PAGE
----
"The report points out that nanotechnology development has occurred in the absence of “clear design rules for chemists and materials developers on how to integrate health, safety and environmental concerns into design.” While the emerging area of ‘green nanotechnology’ offers promise for the future with its focus on preventive design, it is important that research on the sustainability of materials is funded at levels significant enough to identify early warnings and potential harms, and that regulatory systems provide incentives for safer and sustainable materials. Regulators and policy-makers have yet to address many of the shortcomings in legislation, research and development, and limitations in risk assessment. EEA concludes that as a result, “There remains a developmental environment that hinders the adoption of precautionary yet socially and economically responsive strategies in the field of nanotechnology. If left unresolved, this could hamper society’s ability to ensure responsible development of nanotechnologies.”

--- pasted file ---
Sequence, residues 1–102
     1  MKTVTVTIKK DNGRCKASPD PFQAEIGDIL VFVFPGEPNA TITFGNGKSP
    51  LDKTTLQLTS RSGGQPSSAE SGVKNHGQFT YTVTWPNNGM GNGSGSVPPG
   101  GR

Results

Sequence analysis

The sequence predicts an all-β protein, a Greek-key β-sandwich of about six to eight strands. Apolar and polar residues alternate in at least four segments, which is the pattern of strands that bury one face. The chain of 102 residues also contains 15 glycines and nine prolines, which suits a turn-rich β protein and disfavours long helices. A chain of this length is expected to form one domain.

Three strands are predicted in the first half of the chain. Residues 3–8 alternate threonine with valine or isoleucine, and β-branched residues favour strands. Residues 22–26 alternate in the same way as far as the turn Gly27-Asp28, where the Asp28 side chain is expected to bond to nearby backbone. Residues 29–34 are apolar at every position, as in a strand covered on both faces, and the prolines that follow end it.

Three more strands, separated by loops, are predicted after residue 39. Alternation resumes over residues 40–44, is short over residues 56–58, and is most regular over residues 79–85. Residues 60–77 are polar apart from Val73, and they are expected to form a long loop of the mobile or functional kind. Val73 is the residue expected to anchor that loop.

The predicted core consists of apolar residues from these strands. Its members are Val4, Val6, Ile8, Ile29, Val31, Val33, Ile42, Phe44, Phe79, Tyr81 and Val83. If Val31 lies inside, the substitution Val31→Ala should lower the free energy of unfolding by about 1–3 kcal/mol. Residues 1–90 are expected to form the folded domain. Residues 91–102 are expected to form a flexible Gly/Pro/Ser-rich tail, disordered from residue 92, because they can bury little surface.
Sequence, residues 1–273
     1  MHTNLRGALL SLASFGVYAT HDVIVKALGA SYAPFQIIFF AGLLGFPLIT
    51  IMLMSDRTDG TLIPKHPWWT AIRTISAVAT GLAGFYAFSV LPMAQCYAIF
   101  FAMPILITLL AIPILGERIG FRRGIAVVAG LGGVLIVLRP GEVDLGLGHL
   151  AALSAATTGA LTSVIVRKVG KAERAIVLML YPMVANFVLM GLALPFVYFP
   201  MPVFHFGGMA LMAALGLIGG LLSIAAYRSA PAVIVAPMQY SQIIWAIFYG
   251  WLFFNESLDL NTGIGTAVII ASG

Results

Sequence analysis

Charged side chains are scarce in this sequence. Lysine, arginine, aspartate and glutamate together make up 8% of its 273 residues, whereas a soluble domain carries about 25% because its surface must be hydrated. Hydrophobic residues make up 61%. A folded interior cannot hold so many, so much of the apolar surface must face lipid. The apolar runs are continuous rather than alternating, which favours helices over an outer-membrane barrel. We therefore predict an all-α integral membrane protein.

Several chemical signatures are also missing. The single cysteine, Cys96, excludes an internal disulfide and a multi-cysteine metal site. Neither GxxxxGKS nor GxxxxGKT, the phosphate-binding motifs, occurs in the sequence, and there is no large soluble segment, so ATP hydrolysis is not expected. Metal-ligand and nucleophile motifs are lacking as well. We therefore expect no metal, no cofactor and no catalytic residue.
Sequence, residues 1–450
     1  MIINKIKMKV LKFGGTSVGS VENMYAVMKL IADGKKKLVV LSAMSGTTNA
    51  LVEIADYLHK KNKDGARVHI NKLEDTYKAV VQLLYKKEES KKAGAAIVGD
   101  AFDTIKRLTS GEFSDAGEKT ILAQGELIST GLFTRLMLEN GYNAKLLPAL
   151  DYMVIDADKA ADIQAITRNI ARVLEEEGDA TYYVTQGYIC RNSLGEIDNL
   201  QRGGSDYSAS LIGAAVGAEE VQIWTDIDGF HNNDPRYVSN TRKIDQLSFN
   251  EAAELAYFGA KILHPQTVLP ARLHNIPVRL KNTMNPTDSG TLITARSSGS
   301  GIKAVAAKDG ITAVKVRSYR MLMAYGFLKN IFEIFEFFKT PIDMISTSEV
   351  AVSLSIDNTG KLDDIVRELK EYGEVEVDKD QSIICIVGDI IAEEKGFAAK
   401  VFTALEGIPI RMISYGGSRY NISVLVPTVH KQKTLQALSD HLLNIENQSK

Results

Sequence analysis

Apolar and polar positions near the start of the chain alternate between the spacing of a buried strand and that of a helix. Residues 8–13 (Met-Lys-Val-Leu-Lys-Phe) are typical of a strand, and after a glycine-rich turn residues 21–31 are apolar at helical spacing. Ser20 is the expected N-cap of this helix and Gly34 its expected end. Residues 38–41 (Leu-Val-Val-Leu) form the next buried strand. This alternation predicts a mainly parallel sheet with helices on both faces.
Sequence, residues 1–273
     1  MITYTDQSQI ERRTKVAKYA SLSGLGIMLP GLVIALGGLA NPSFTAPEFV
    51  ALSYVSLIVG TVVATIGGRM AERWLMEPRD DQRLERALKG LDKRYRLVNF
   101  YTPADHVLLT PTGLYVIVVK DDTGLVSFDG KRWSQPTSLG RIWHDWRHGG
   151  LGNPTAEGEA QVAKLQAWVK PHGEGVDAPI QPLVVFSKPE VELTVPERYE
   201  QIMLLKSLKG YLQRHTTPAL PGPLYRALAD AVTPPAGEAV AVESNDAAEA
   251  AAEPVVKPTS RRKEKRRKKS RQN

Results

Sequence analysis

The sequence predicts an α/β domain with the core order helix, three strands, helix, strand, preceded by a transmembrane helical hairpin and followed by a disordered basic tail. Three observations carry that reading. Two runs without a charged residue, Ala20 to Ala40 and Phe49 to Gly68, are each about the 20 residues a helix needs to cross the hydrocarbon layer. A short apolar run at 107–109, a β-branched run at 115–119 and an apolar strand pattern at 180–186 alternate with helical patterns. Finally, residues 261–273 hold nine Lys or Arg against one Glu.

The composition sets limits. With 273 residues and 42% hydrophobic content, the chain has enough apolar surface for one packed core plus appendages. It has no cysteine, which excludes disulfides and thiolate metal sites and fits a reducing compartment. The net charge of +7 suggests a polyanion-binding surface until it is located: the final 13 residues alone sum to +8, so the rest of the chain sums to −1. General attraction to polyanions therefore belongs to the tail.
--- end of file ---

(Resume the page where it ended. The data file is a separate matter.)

Recently, EPA announced plans to obtain information on nanoscale materials in pesticide products and to register nanoscale materials as new active pesticide ingredients. The agency stated it will gather information on nanoscale materials present in pesticide products to determine whether the registration of the pesticide product may cause unreasonable adverse effects on the environment and human health."
Via Environmental Illness Network Minnesota